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The nonprofit org. I'm involved with has three phone lines, one of which is a dedicated fax line. They have to move offices in the next three months, and are looking into ways to cut costs. One thought was to eliminate one phone line by subscribing to one of the digital fax services, like j2.com or efax.com (these two are related) or onefax.com .<br><br><br><br>
Has anyone ever used a digital fax service? What was your experience like?<br><br><br><br>
Another, perhaps unrelated set of questions: Did anyone ever use the "fax" facilities on a fax modem when you were on dial-up? (I never have because I could never get the fax software to work properly, rarely faxed, and had a fax capability built into my old printer, so found it simpler to use that.) But if you were using the "fax" capabilities of a fax modem on dial-up, what did you do when you switched to broadband? In other words, is there any way to use broadband to send or receive faxes, apart from using a digital fax service?<br><br><br><br>
I am just curious about the latter.<br><br><br><br>
MY non-profit has DSL service now, and I assume they will get the same thing in the new offices.
 

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Hmmm.<br><br><br><br>
I will describe more choices below but here is what I usually do. To receive faxes without scheduling when, with the sender-person, I use a free e-fax j-fax telephone number that I got from them (via their web site). (E and J seem to be the same co). Works very well. I have a free phone number (but not in my local area) and I can receive faxes at that number. They send the faxes to me by email. You can also use a program that they supply that will read your faxes on-line, or on the web, but it has adware. I think you can also have WinFax pro dial them up and have the fax forwarded to you by fax transmission over your pots (plain old telephone) line. You can print out the faxes, or just look at the tif file with Windows image previewer or most any graphics program.<br><br><br><br>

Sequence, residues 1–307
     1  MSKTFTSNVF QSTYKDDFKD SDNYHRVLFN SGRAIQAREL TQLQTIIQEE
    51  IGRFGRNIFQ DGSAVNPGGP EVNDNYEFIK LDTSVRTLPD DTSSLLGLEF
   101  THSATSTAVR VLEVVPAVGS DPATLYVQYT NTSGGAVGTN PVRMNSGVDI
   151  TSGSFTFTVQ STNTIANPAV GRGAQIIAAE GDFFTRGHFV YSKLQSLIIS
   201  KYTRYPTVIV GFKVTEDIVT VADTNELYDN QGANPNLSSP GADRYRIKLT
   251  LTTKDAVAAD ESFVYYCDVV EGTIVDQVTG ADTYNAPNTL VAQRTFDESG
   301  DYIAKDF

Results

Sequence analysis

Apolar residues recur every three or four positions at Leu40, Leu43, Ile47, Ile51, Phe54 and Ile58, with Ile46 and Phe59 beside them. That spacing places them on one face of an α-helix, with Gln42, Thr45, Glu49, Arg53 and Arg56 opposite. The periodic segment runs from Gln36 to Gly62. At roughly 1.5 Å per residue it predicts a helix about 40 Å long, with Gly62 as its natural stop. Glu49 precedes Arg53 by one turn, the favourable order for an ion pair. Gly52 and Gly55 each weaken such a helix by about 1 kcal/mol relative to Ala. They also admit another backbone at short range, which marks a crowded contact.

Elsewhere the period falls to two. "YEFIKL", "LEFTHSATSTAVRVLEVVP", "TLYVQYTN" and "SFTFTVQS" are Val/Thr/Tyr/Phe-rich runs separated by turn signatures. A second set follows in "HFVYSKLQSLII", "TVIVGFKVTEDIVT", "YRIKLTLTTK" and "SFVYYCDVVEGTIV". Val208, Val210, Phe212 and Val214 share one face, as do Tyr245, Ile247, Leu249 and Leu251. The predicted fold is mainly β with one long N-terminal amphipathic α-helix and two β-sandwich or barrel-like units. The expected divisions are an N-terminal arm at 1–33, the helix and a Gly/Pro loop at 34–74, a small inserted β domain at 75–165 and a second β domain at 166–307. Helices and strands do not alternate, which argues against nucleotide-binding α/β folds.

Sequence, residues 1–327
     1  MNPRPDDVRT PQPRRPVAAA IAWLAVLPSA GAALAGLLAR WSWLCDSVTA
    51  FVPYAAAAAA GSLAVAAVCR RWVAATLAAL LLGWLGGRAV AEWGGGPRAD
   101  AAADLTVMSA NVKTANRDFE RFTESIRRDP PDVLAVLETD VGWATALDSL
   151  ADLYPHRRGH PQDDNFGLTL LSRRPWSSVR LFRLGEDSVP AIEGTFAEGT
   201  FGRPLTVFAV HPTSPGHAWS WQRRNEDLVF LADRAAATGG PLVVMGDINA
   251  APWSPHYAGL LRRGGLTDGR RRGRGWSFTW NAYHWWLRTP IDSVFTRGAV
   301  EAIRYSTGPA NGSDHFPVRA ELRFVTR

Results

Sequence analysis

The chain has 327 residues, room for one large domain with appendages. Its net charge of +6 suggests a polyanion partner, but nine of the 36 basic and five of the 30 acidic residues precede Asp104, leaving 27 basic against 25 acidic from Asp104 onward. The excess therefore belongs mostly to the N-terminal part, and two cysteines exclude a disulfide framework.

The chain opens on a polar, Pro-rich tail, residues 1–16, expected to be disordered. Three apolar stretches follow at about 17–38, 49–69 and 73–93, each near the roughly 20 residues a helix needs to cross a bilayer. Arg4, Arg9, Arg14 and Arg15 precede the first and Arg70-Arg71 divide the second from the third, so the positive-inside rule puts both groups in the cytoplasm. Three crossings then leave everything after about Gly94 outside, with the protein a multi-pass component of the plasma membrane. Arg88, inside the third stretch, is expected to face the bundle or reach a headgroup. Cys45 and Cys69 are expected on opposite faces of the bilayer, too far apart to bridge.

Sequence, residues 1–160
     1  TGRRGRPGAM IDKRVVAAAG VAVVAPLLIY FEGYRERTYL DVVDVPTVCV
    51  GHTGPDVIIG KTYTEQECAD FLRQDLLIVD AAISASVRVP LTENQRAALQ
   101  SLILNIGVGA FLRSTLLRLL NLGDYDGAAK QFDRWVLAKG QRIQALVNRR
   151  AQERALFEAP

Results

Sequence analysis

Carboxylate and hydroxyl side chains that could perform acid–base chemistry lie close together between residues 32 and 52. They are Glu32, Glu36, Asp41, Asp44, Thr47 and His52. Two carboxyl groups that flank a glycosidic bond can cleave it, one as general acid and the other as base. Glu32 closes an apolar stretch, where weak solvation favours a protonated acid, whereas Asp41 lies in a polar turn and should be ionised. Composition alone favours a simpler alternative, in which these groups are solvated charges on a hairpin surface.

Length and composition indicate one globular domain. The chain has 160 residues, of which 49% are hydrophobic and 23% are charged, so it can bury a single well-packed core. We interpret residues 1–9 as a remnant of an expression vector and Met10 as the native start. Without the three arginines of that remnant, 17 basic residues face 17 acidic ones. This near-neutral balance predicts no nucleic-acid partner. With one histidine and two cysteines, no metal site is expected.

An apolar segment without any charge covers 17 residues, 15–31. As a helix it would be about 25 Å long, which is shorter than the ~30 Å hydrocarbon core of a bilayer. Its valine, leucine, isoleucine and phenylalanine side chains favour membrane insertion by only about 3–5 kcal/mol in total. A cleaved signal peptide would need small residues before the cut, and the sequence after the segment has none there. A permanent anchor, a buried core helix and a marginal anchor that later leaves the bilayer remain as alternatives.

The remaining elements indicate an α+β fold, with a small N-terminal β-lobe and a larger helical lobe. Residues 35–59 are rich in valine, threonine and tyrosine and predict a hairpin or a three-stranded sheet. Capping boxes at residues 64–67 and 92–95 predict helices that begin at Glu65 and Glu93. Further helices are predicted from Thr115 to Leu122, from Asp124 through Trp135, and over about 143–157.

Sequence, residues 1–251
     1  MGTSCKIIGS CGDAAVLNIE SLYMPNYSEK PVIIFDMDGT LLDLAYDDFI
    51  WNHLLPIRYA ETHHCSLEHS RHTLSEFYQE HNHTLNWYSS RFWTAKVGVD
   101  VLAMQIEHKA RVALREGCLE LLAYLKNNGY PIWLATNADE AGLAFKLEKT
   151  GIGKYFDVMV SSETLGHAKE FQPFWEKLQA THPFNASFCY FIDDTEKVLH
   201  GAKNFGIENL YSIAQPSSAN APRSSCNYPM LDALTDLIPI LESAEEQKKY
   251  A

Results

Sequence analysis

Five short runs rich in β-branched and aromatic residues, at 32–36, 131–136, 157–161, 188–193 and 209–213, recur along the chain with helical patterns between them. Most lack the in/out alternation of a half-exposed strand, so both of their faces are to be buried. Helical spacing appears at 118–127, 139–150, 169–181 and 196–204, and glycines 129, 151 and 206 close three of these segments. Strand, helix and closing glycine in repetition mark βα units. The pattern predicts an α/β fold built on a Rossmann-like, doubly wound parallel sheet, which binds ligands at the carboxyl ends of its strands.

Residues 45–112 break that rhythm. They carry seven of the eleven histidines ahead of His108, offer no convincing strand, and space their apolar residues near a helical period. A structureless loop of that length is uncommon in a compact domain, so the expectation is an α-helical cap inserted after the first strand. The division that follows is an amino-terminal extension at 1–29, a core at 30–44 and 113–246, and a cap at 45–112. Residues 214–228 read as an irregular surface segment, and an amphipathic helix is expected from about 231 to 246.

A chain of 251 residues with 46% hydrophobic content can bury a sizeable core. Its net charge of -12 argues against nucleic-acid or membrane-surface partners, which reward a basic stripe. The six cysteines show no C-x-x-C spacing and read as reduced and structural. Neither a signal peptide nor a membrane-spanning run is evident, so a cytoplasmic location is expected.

To <i>send</i> faxes, I use my single pots line, my scanner, my computer, with a fax-modem, and Symantic Winfax. I use the pro vs, but there is a lite vs too, tho I don't know if it is still being distributed anywhere - i got mine on a 1.2mbyte floppy so I can email it to you if you want it. Came free with an fax modem, about 8 years ago. You can also load the fax program that is on your windows xp cd (or any version). You can use any free fax program and <i>any</i> telephone line (pots line) to send and receive faxes with a computer and fax-modem. So if you have one line that you use for voice, you can use it to send and rcv faxes too — just not at the same time you are making a voice call. There is, however, an electronic device you can plug into your phone jack which can tell if you are getting a fax machine (or fax-modem) calling you, or a voice call, and if it is a fax call the device will send it to the fax machine to answer, if it a voice call, the device will send it to the answering machine, or perhaps not answer at all, I'm not sure. CallSoft pro will also do this, supposedly, route a call to a fax-receive inbox or a voice-mail inbox, depending upon whether it hears a fax tone or not, tho I'm not sure how reliably it works. There is a check box that says "detect faxes automatically" and the help files (which aren't always the most clearly written) seems to say that this is what the program does. Here is exactly what the help file says
<div class="quote-container"><span>Quote:</span>
<div class="quote-block"><b>Detect fax call automatically:</b> If checked Call Soft Pro will answer a call with a greeting, but if a fax tone is heard will begin receiving the fax. The ability to auto detect a fax may vary from modem to modem. If you don't want Call Soft Pro to try and detect faxes ever don't check this button.</div>
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If you want to give me a call I can see if it works. I'll send you my phone # in an email. If you send a fax CallSoft Pro should have the fax-modem answer, and then start reading the fax; if you make a voice call, you call, CallSoft pro should have the fax modem answer the call, and send it to the voice-mail in box, where you can announce yourself, and then I can decide whether I want to answer, or let you leave a message. There is even a choice to send a fax by send-button (rather than automatic routing to the fax inbox). That is, the person makes a voice-call, CallSoft Pro will answer with a voicemail greeting, then you will be prompted to press a key on your phone to route the call to the fax inbox, and then to press your Send button on your fax device after the fax box gives its greeting.<br><br><br><br><div class="quote-container"><span>Quote:</span>